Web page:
In this regard, in 2008, the SEHK issued a Combined Consultation Paper on Proposed Changes to the Listing Rules proposing, amongst other things, to exclude holders of 5 per cent. or more of a listed issuer’s shares from the public float.
Pre-IPO investors may be subject to lock-ups. These lock-ups restrict such investors from selling their investments for a fixed period of time following listing. Lock-ups may be mandatory or voluntary:
- Mandatory - Under the Listing Rules, shareholders or groups of shareholders holding 30 per cent. or more of the voting power of a company are subject to a lock-up of 6 to 12 months post-listing. At the same time, the SEHK may, based on individual circumstances, subject pre-IPO investors with shareholdings of less than 30 per cent. to a lock-up. Thus, for example, the SEHK has subjected a pre-IPO investor holding convertible bonds to a lock-up period of 6 months following listing in respect of any ordinary shares received as a result of the conversion of the bonds on the basis that the convertible bonds contained terms not available to other shareholders. Equally, for example, the SEHK has subjected a pre-IPO investor to a lock-up period of 6 months following listing where the pre-IPO investor completed his investment shortly before listing at a substantial discount to the offer price.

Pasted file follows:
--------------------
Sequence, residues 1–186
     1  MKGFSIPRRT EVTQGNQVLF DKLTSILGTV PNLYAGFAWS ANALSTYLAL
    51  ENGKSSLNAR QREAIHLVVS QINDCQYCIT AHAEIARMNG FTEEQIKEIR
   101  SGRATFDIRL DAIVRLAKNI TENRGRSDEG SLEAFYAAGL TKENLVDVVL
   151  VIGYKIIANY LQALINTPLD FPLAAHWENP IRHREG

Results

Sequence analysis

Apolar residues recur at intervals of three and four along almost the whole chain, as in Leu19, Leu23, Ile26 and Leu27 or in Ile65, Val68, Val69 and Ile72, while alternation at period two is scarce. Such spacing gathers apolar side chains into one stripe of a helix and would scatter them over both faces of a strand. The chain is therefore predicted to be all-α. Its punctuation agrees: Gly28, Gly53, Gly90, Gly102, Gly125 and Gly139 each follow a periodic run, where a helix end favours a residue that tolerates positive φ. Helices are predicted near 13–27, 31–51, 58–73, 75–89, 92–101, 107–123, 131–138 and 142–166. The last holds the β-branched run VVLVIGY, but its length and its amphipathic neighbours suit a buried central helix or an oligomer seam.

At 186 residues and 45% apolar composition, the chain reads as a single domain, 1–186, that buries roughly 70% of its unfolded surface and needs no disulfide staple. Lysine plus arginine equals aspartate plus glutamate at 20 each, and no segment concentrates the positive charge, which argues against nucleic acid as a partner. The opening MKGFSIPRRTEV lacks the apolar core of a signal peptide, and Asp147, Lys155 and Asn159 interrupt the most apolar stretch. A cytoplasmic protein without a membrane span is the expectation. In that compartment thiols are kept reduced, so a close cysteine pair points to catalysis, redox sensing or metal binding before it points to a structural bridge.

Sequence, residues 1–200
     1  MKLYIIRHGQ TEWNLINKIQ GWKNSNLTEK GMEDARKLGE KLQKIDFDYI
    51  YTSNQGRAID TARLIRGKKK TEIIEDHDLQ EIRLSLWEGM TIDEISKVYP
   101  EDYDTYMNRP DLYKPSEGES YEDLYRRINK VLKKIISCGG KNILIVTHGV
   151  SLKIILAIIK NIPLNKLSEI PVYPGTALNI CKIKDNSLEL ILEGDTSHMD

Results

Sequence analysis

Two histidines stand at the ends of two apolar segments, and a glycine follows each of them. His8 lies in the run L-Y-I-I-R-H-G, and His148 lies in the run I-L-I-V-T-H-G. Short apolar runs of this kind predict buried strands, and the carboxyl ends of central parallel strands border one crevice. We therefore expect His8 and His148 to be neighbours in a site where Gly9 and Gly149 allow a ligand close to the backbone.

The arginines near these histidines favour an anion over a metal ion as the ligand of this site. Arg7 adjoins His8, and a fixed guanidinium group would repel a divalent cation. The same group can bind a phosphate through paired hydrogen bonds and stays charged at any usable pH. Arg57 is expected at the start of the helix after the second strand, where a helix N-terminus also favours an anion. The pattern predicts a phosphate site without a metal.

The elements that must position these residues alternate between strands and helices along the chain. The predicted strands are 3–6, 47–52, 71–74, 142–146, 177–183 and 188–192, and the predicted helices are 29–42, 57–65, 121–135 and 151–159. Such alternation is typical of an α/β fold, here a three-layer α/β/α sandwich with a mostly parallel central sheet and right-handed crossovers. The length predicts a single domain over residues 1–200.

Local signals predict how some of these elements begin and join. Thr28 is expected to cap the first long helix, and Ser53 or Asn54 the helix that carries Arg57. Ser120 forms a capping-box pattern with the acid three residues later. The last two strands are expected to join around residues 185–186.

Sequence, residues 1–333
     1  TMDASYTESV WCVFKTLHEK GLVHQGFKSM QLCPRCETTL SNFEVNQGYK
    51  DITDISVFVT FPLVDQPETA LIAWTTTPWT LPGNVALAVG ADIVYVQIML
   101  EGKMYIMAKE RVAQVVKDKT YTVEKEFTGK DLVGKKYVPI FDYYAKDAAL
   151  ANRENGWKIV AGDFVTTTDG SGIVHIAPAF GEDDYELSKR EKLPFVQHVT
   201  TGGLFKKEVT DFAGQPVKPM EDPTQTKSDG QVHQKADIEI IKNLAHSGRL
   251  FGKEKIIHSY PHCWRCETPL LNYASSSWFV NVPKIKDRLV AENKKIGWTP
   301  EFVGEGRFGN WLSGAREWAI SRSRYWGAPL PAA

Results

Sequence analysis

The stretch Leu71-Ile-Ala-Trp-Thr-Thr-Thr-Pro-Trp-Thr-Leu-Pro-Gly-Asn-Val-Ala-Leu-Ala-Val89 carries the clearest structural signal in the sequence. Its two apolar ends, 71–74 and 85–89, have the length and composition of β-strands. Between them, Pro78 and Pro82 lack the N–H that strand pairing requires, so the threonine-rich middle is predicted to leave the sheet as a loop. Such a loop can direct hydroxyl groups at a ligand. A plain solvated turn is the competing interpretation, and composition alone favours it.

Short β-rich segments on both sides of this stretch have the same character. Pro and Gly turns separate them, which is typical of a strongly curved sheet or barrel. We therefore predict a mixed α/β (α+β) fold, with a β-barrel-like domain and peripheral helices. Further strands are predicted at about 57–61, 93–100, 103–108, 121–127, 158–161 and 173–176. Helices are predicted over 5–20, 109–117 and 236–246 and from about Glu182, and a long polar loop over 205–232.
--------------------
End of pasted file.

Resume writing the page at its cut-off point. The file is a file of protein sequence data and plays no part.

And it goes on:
- Voluntary –A listing applicant or its underwriters may request that a pre-IPO investor voluntarily subject itself to a lock-up following listing to facilitate the issue.
Investments made during an IPO are typically made under the institutional placement tranche. For a listing applicant and its underwriters, pre-arranged placements offer greater certainty in capital raising. For an investor, such placements may offer greater certainty of price and allocation. However, both the price and the number of shares which are placed to the investor are potentially affected by the Listing Rules.